Still the forerunner for the Golden Boot, Columbia’s James Rodriguez had his coming out party brought to a halt by the home side Brazilian squad. Given his tender age of 22, he should return for a couple more Cups, but it was sad to see him go. It was similarly difficult to bid adieu to the Columbians who brought such flair and desire for wide open play. This, generally, is not a winning strategy to employ against the likes of Brazil, but it was highly entertaining and frankly, it’s nigh impossible not to respect someone who goes down with guns blazing.

The French would do well to learn this lesson. They were so casually dispatched by the Germans that one almost wonders if they cared. Only in the late stages of their contest with the always methodical Germans did Les Bleu mount any halfway decent scoring chances. Most of the game was spent with no sense of urgency, a surprising turn of events given their prolific goalscoring in the earlier games. Perhaps they were never really tested to this point, and simply failed the test. They’d not been behind at any point in the Cup, and once there clearly had no idea what to do. For me, this made perhaps the worst game of the Cup since expectations were so much higher.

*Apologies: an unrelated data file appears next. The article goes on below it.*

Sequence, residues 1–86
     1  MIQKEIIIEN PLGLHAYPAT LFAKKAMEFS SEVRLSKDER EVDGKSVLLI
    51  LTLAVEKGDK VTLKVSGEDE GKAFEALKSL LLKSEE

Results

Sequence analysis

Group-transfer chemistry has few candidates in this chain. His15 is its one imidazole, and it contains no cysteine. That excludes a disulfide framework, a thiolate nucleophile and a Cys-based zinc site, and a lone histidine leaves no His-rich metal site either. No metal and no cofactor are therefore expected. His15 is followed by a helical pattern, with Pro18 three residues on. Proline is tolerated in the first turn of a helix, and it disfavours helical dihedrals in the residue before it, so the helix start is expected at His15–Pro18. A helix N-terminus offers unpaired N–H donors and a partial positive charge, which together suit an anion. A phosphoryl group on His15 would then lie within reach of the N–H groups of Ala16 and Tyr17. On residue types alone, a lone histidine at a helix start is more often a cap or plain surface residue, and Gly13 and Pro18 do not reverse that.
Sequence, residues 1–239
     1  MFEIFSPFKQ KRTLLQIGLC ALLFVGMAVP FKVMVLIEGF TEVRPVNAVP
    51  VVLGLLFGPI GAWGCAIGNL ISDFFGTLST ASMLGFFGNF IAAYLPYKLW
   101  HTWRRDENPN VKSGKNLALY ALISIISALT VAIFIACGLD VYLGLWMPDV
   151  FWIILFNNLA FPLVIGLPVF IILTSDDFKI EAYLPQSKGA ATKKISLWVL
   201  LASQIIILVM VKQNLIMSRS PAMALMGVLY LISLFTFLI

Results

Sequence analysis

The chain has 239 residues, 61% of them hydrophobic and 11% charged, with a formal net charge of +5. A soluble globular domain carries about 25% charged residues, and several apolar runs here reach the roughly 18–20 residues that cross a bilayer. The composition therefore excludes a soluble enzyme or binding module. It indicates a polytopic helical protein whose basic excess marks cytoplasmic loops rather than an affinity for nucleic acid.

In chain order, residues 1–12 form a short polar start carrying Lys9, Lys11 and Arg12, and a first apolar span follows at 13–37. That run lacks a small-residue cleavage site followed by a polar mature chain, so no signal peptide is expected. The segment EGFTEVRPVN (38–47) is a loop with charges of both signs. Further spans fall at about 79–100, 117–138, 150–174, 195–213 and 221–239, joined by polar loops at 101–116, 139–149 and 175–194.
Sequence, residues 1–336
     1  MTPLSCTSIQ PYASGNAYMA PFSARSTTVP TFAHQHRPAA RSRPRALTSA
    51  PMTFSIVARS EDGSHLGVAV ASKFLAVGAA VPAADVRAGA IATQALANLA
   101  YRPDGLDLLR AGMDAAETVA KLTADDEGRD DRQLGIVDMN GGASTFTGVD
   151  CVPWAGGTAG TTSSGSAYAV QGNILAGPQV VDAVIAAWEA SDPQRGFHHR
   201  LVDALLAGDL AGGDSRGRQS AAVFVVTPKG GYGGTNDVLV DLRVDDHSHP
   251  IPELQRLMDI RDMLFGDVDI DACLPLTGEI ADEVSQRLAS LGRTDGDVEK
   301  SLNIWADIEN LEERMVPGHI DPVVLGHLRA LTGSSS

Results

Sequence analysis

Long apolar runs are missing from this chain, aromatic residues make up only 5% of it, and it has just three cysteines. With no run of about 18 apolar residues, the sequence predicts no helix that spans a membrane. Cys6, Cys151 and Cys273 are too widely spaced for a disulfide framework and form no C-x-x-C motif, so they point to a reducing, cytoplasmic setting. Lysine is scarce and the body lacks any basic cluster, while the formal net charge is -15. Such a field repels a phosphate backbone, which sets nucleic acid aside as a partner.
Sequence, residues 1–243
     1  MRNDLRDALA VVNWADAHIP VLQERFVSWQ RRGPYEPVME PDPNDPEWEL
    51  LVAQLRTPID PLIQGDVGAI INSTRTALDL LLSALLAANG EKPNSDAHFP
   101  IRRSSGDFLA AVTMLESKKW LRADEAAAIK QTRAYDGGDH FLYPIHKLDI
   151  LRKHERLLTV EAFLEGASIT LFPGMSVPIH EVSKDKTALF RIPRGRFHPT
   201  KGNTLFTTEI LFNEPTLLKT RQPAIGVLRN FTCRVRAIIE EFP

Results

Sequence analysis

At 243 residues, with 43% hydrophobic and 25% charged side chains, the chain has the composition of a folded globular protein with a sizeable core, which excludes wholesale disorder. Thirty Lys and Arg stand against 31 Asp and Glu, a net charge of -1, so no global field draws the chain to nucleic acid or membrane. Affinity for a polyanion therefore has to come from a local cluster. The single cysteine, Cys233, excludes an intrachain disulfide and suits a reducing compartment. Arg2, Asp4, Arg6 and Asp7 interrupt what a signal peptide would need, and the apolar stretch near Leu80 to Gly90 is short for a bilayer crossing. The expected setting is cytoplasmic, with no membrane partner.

This sets up a what should have been and still could be a titanic battle in the semifinals between Brazil and Germany. The back injury to Neymar materially damages Brazil’s chances, however, so despite Brazil’s home-team advantage, one has to like the Germans to move into the final.

On the other side of the draw, I doubt anyone expected Belgium to be serious competition for Argentina, and indeed they weren’t despite the 1-0 score line. Still, that’s a respectable result from a second tier squad against a first tier squad, and it’s to their credit that Belgium never gave up and didn’t concede a goal or an assist to Messi (though they surely would have if not for their goalkeeper).

What to say about the Ticos of Costa Rica that hasn’t already been said? Their valor and determination (and defense/goalkeeping) against Greece and Netherlands were the stuff of legend. They were not the better squad with attacking chances being few and far between, but to take to consecutive games to penalties and win one of two rightly showers them in glory. If I were ranking CONCACAF teams at the Cup, I’d put them Costa Rica, Mexico, then the US, and that’s almost in inverse order of talent. Costa Rica has a lot to be proud of.

Argentina v. Netherlands should be a game for the ages. Although I think I picked Argentina in a pre-Cup bracket, I’ve liked Netherlands since they leveled Spain in their opener, and I continue now to make them my pick to go to the final and to win the whole thing.